PHOENIX — A former teacher alleged there is a history of racism at Desert Vista High School, the same school where six girls recently posed for a photo with a racist slur on their shirts.
“There’s been a racial issue with Desert Vista High School since the school opened,” Cicely Cobb told KTAR News 92.3 FM’s Mac & Gaydos on Tuesday.
Cobb, who is currently suing the school in federal court for racial discrimination, said she was glad the photo of the six girls spelling out N-I-*-*-E-R with their shirts is receiving international attention.
“I literally screamed ‘Thank you, Jesus’ in my house for about 10 minutes,” she said of seeing the story for the first time.
Cobb said the photo made her feel “vindicated” and that it was finally shining a light on problems that had been perpetuated for years. It made her feel like she was no longer the “crazy, angry, black woman” she had been painted as for two years.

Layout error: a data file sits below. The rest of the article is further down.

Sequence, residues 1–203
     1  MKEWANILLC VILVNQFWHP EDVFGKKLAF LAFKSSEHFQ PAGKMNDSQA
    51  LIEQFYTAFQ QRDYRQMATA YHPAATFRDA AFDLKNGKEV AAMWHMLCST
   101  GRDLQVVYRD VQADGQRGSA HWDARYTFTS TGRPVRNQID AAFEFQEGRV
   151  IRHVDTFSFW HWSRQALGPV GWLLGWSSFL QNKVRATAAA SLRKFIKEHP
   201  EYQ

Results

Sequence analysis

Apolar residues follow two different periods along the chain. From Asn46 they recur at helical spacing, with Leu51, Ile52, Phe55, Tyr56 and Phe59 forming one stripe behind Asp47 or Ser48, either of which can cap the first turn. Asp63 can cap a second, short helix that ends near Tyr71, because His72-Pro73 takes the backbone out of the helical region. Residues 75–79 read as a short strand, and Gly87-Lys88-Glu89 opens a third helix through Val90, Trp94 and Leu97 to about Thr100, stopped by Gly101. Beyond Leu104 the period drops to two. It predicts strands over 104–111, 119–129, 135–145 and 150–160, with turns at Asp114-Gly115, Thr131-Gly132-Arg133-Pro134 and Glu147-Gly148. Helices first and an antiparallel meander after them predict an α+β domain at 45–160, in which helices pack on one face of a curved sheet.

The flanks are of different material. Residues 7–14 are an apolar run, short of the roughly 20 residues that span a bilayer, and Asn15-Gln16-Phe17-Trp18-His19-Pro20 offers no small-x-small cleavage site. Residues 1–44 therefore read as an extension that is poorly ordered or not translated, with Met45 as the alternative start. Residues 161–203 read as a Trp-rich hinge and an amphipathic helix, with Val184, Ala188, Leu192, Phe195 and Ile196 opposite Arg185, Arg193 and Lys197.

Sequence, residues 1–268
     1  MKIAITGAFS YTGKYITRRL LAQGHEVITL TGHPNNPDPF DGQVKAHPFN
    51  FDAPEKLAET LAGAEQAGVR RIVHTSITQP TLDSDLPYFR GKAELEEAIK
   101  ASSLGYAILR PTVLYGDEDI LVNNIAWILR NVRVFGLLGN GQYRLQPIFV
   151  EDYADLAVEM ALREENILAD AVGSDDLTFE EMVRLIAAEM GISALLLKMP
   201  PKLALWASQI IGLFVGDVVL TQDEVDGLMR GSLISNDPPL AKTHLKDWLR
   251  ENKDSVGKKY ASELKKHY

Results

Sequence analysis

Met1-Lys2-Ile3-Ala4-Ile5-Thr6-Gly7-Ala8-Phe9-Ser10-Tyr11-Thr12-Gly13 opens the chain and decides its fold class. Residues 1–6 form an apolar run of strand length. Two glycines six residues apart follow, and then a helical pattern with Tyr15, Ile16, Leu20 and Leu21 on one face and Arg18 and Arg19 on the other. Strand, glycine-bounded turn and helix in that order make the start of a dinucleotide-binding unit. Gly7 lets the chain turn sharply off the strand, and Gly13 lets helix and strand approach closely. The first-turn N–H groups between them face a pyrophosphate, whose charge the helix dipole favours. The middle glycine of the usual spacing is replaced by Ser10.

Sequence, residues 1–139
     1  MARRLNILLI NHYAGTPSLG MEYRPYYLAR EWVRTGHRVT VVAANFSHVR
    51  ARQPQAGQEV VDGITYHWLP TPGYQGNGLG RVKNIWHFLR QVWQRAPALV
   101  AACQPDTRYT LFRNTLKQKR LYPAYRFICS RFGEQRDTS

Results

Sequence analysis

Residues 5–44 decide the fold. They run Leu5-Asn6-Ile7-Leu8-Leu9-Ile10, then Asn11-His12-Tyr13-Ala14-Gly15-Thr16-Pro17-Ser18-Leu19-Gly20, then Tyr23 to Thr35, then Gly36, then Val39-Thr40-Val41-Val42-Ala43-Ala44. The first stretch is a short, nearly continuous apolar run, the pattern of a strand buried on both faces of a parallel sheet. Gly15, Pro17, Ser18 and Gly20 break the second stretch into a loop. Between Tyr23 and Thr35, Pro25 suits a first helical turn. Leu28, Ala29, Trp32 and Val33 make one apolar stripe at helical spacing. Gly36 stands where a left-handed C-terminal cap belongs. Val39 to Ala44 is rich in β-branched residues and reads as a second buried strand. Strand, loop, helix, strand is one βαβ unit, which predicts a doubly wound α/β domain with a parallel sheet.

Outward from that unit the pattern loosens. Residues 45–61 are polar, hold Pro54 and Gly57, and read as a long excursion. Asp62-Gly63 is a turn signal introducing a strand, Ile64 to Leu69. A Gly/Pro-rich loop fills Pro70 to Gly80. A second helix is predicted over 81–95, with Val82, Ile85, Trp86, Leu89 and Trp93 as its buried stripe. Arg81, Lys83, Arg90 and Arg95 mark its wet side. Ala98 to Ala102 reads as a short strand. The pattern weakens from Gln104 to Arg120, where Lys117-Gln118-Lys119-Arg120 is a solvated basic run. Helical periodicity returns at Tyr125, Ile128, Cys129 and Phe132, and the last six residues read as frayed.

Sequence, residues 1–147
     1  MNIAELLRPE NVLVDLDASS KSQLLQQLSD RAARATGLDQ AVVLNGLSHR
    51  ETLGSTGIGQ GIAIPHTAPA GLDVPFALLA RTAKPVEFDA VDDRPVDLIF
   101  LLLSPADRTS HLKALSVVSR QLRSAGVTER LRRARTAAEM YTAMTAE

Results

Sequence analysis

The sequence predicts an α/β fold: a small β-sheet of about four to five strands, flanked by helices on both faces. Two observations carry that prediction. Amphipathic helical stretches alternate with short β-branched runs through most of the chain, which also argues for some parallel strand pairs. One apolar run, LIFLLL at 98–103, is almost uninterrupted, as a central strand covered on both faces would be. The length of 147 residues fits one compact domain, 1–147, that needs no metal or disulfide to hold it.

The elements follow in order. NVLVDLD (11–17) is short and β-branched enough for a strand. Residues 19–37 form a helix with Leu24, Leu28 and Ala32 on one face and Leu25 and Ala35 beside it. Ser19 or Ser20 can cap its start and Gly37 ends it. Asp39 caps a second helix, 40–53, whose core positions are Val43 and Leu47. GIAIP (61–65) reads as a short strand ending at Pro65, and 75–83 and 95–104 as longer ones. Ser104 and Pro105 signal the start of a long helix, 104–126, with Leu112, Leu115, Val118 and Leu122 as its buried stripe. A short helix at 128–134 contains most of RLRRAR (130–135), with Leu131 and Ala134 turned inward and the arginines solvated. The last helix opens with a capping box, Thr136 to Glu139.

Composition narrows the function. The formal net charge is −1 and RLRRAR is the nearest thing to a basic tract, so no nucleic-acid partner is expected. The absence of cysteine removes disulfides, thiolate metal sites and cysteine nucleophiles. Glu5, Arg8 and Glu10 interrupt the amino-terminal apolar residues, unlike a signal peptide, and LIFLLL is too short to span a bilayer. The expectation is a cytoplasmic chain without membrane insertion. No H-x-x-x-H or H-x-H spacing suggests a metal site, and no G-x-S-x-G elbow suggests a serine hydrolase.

She said at least one of the girls in the photo has a history of using racial slurs online.
“I don’t believe she is innocent by any means,” she said.
Cobb taught English at the school. She said all students read “To Kill A Mockingbird,” a novel by Harper Lee that contains the n-word. She said students are taught about the word and its meaning in American history.
Cobb left the school in 2014 after several alleged incidents. In one, she claimed a student took a photo of her walking along a street and insinuated she was a prostitute on social media.
“Regardless of my education, I’m still a black whore who works her corner,” she said of how the photo made her feel.
A district official said Cobb’s contract was not renewed for a number of issues, including “insubordination, unprofessional conduction and violations of board policies.”
Cobbs said she witnessed a pattern of white students instigating black students while at the school.
Cobb also claimed that she went to former principal Dr. Anna Battle and Tempe Union High School District’s Superintendent Dr. Kenneth Baca to address her problems, but neither listened to her.
The school has said the girls would be punished, but disciplinary actions are not disclosed per district policy. However, Jill Hanks, executive director of community relations for the Tempe Union High School District, said they would likely be required to take sensitivity training.
“I can tell you that there’s an obvious need for sensitivity training here and we will definitely be addressing that,” she said.
Calls to Battle were not immediately returned.
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